Where does all this leave optical/infrared interferometry, I hear you say? Well, a long way behind, so far. Optical/infrared light is at too high a frequency to convert to stable equivalent electrical pulse proxies as with radio, and current optical cable, despite being good, loses too much of its transmitted signal (so called dispersion) to be of any use for transferral over distance as with the radio interferometer (although optical cables are rapidly improving in quality). There are optical/infrared interferometers, involving the Keck telescopes and the Very Large Telescope in Chile. There is also the CHARA (Center for High Angular Resolution Astronomy) array of Georgia State University and the Australian SUSI (Sydney University Stellar Interferometer). Amongst others.

These arrays transmit the actual telescope light itself before mixing it, a supercomputer providing the accuracy needed to keep the correct phase of light as it was at the aperture. They all use multiple vacuum filled tunnels with complex mirror arrays, “the optical train,” to reflect the light to the beam mixer. It works, but at a cost. Even over the hundred metres or so of distance between telescopes, up to 95% of the light is lost, meaning only small but bright targets such as the star Betelgeuse can be observed. Fantastic angular resolution though. The star is 500 light years away yet the CHARA (just six one-metre telescopes) can resolve it into a disc! No single telescope, even one of the new super-large ELTs currently being built, could get close! This gives some idea of the sheer power of interferometry. Imagine a device in space with no nasty wobbly atmosphere to spoil things.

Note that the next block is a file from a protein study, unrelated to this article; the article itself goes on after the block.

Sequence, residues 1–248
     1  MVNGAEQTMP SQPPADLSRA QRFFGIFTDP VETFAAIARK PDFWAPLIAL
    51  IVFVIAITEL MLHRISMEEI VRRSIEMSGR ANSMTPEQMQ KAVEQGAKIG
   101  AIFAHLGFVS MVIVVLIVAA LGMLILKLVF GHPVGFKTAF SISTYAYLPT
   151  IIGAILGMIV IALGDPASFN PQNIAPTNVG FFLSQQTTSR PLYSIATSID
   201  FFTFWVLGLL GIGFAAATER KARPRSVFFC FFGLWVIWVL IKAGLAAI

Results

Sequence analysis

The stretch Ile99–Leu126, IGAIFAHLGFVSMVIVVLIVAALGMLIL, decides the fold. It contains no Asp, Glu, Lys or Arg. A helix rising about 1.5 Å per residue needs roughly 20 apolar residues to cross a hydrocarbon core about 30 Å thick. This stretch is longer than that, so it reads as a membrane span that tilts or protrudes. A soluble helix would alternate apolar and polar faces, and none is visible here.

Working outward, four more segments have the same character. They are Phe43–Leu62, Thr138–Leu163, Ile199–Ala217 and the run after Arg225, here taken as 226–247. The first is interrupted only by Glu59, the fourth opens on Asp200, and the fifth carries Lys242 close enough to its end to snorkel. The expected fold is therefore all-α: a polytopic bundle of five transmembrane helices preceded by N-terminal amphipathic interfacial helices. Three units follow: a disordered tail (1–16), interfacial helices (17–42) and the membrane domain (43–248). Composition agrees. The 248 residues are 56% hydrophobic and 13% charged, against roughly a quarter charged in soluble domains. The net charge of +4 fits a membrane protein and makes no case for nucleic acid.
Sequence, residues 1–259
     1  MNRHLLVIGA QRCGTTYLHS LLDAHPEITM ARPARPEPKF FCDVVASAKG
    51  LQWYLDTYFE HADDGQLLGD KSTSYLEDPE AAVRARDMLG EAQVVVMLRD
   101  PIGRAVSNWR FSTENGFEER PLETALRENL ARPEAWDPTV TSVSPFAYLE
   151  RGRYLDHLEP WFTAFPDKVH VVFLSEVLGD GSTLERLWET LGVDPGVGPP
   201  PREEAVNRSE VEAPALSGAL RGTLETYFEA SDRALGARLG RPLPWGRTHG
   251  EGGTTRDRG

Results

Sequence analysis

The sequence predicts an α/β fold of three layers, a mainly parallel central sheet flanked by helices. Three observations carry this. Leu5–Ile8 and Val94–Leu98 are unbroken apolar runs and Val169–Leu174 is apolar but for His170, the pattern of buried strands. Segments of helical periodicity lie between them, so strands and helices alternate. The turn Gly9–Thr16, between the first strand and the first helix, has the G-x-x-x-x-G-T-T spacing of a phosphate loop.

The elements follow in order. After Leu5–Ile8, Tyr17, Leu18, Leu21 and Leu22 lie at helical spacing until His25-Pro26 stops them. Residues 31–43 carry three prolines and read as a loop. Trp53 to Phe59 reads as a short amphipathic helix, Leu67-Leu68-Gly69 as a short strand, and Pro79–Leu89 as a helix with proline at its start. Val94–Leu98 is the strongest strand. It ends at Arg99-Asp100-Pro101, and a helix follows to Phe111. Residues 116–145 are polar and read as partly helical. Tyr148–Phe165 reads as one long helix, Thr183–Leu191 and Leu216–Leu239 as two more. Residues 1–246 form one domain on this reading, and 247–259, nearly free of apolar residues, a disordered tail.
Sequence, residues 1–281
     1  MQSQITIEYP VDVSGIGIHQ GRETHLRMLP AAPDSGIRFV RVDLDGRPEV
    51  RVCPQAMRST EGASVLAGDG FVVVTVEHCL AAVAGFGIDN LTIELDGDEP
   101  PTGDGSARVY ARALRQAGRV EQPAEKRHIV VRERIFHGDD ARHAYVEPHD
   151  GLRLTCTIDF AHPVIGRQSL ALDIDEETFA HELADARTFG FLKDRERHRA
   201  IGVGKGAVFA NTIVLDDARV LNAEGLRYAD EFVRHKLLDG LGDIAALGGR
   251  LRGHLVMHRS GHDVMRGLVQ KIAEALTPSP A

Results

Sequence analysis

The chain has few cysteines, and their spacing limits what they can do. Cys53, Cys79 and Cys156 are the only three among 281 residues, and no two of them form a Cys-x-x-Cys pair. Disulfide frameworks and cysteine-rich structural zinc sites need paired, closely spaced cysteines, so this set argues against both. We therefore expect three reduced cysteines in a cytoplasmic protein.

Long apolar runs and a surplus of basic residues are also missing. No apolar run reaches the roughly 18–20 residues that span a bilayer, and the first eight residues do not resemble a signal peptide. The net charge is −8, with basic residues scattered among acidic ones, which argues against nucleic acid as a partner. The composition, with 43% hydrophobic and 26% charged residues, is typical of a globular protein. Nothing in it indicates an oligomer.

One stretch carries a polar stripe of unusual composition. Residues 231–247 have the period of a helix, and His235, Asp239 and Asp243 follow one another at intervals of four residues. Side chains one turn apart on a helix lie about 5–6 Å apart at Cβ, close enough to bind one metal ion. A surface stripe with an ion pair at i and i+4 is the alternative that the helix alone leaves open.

But the Ireland and Monnier paper represents hope and shows the way to the future of astronomical imaging. What the researchers are advocating is heterodyne interferometry, an old fashioned idea, again like interferometry itself. Basically it involves creating an electrical impulse as near in frequency as possible to the one entering the telescope, and then mixing it with the incoming light to produce an “intermediate frequency” signal. This signal still holds the phase information of the incoming light but in a stable electrical proxy that can be converted to the original source light and mixed with light from other telescopes in the interferometer to create an image. This avoids most of the complex light-losing “optical train”.